As a passionate EAL, Spanish and 7-12 English teacher as well as an active VicTESOL committee member and second language learner, April is highly experienced in the areas of first and additional languages education. She completed her Masters thesis on VCE listening task assessment at the University of Melbourne and is currently training undergraduate and post graduate teachers at La Trobe University in literacy, secondary EAL pedagogy and curriculum and interdisciplinary education. She recently developed materials for the DET Koorie Outcomes Unit to promote the use of EAL teaching practices for improved social and academic outcomes for Victoria’s Indigenous students.

Download (PDF, 1.09MB)


Wednesday 4 March

Functional Multilingualism/Translanguaging are currently popular terms being researched, discussed and adapted to diverse learning settings. This webinar was a practical response to the current interest in Translanguaging, suggesting ways this might look in EALD classrooms and what teachers might consider when developing Translanguaging activities. With the intention of bringing students’ linguistic and cultural knowledge to the fore through redesigning Australian Curriculum and SACE task, four tasks, along with samples of student work, were presented and discussed.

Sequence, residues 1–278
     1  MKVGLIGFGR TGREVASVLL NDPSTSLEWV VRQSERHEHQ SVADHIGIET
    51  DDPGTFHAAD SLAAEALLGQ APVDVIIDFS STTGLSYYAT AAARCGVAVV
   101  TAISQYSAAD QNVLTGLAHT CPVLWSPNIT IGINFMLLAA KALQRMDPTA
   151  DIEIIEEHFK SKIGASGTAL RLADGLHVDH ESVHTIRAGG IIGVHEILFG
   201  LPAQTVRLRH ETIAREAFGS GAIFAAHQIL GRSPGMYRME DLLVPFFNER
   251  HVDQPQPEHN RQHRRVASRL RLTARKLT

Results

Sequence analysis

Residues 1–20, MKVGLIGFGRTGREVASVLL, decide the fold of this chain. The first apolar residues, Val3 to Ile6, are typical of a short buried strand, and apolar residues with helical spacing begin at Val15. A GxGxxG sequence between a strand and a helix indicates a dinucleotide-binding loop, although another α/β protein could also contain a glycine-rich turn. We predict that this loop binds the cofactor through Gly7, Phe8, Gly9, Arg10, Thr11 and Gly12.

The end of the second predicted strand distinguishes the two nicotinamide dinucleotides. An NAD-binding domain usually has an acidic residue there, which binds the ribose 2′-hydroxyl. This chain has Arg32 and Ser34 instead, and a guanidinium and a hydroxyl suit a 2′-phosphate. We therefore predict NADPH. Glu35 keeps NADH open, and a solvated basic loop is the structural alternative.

Janet Armitage currently works for the South Australian Department for Education in the role of EAL/D Hub Coach supporting teachers in professional development that recognises Aboriginal and Torres Strait Islander EALD learners. Janet undertook action research in a large secondary school in South Australia where she was an EALD teacher and EALD & Languages Coordinator. She is also a PhD candidate in Applied Linguistics with the University of South Australia and has been part of a team providing professional development to Languages teachers across the state.

Glynis Rose & Rosemary McLoughlin Tuesday 11 February, 4-5:30 pm, Online event In this session, Glynis and Rosemary provided feedback on student performance in the 2019 VCE EAL exam, including…